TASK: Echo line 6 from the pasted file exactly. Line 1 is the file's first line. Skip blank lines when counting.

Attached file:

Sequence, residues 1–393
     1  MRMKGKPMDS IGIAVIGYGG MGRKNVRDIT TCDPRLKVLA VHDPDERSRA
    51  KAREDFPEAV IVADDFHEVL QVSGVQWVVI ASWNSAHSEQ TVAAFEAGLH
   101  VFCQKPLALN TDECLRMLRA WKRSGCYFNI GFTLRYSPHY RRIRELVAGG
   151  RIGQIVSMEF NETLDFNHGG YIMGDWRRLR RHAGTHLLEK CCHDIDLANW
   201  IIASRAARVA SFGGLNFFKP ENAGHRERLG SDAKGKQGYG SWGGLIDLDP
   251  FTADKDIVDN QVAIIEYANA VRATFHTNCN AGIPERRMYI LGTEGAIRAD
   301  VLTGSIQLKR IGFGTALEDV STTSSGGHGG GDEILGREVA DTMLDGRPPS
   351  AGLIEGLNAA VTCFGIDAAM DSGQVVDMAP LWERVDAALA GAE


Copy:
   201  IIASRAARVA SFGGLNFFKP ENAGHRERLG SDAKGKQGYG SWGGLIDLDP